The two stage Terran R rocket will be 216 feet (65.8 meters) tall and 16 feet (4.9 meters) in diameter. The second stage features aerodynamic surfaces which will enable recovery and reuse, in addition to a reusable 5 meter diameter payload fairing. Terran R will be capable of delivering over 20,000 kilograms to Low Earth Orbit in its reusable configuration, beating Falcon 9's 15,600 kilograms with drone ship recovery.

Just like Terran 1, Relativity's small lift vehicle offering 1,250 kilograms to Low Earth Orbit, the components for Terran R will be 3D printed. Relativity Space aims to reduce cost and improve reliability by designing 3D printed vehicles with a low part count.

Previously: Relativity Space Leases Land at NASA's Stennis Space Center in Mississippi
Aerospace Startup Making 3D-Printed Rockets Now Has a Launch Site at America's Busiest Spaceport
Relativity Space Selected to Launch Satellites for Telesat

Original Submission

Relativity Space Selected to Launch Satellites for Telesat

Relativity Space announces first launch contract, and it's a big one

The ambitious rocket company Relativity announced its first customer on Friday, the global satellite operator Telesat. The contract for flights on the Terran 1 rocket includes "multiple" launches, but Relativity chief executive Tim Ellis said he could not provide additional details.

[...] Relativity considers this a huge win because it offers another validation of its—and really, this is not an exaggeration—revolutionary approach to launch. The company aspires to use large 3D printers to manufacture nearly the entirety of a rocket, thereby automating the process and taking another step toward low-cost, launch-on-demand service. It's one thing for a private company to build a new rocket to launch small satellites, it's another to try and remake the manufacturing process as well.

Ellis said Telesat has been in discussions with Relativity for awhile, so the satellite operator has had good access to Relativity's launch technology. After this due diligence, Telesat chose Relativity in addition to previous deals with SpaceX, Arianespace, and Blue Origin. Effectively, Telesat has decided that Relativity's Terran 1 booster, with a capacity of 1.25 tons to low Earth orbit, has the right stuff to help launch a major low Earth orbit satellite constellation that will provide global broadband connectivity.

Previously: Relativity Space Leases Land at NASA's Stennis Space Center in Mississippi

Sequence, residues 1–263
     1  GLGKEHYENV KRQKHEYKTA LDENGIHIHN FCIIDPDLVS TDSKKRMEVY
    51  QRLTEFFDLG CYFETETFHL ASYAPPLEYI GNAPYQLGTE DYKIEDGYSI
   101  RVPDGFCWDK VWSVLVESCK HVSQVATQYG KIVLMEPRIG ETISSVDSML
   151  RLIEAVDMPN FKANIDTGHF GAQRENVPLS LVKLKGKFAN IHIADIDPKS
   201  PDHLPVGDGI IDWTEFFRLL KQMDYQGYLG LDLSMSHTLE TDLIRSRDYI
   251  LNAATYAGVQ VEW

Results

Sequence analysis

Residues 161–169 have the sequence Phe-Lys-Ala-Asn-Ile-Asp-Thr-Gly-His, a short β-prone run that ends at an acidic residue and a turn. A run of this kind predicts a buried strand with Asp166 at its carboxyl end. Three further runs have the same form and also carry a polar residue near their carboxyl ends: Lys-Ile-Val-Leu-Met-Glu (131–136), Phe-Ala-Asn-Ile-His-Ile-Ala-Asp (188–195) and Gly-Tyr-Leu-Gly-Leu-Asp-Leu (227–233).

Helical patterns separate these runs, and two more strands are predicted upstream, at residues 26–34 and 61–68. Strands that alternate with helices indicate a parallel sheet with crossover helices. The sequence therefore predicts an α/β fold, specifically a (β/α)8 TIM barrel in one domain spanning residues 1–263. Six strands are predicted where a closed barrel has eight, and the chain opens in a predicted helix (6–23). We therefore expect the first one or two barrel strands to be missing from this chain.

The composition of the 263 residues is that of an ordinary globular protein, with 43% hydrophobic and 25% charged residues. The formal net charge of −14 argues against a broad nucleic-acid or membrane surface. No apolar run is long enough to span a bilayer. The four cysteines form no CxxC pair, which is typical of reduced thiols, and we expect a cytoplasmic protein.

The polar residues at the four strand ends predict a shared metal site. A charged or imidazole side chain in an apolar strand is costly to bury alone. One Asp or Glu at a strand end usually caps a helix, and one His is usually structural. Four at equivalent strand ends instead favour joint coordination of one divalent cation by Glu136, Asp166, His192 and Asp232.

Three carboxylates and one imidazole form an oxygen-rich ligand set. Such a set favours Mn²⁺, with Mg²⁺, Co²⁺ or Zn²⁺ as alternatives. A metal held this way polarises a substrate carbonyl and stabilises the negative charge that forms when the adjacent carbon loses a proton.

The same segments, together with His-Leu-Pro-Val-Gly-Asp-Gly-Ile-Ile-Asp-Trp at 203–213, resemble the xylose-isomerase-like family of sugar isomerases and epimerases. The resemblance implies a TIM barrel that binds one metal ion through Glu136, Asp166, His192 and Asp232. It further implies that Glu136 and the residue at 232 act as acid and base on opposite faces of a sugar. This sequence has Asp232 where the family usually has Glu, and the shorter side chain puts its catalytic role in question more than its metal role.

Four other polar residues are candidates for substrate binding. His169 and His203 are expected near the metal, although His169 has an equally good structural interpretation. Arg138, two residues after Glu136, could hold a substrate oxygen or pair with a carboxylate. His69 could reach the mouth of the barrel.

Aerospace Startup Making 3D-Printed Rockets Now Has a Launch Site at America's Busiest Spaceport
Blue Origin to Provide Multiple Orbital Launches for Telesat

Related: Amazon Planning its Own Satellite-Based Broadband Service, with 3,236 Satellites in Low Earth Orbit

Original Submission

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  • (Score: 4, Touché) by Nuke on Tuesday January 22 2019, @01:45PM (5 children)

    by Nuke (3162) on Tuesday January 22 2019, @01:45PM (#790067)

    "Disrupt", "3-D printing", "Relativity"

    Then : “I hope we inspire 12 or 100 companies to want to go to Mars and do the same mission
    Pretentious? Us?

    Obviously 3-D printing is a very useful manufacturing technique, alongside others, but it is not a magic bullet. In the end this is just another rocket company, but hyper-ventilating marketing speak to get attention.

  • (Score: 3, Funny) by patrick on Tuesday January 22 2019, @04:57PM (1 child)

    by patrick (3990) on Tuesday January 22 2019, @04:57PM (#790135)

    Notice the large Protoss symbol hanging in their lab, under their name, on the other side of the American flag: picture on their website (scroll down a little) [].

    Ref: Protoss symbol []

  • (Score: 2) by corey on Wednesday January 23 2019, @01:02AM (2 children)

    by corey (2202) on Wednesday January 23 2019, @01:02AM (#790393)

    Burning a fossil fuel and then throwing out hydrogen, carbon and oxygen atoms at high speed to propel the rocket, whose weight is dominated by carrying the fuel to do just this is so last century. Can't we come up with anything better? Where's the actual innovation?

    • (Score: 2) by takyon on Wednesday January 23 2019, @02:13AM

      by takyon (881) <> on Wednesday January 23 2019, @02:13AM (#790415) Journal

      The innovation will be a fully reusable rocket, with launches costing a fraction of what much smaller rockets currently cost, dramatically lowering the cost per kilogram of payload, and burning a fuel that can be made on Mars without fossils.

      Elon Musk: Why I'm Building the Starship Out of Stainless Steel []

      Test flights this year.

      [SIG] 10/28/2017: Soylent Upgrade v14 []
    • (Score: 2) by deimtee on Wednesday January 23 2019, @06:09AM

      by deimtee (3272) on Wednesday January 23 2019, @06:09AM (#790481) Journal

      Until somebody builds a skyhook, or an M-Drive with KN of thrust, chemicals are the best we can do. []
      They claim they are getting an Isp of 350 from LOX and CH4, with a 3D printed engine. If so, and if it has a reasonable reliability and lifetime, then that's actually pretty impressive.

      No problem is insoluble, but at Ksp = 2.943×10−25 Mercury Sulphide comes close.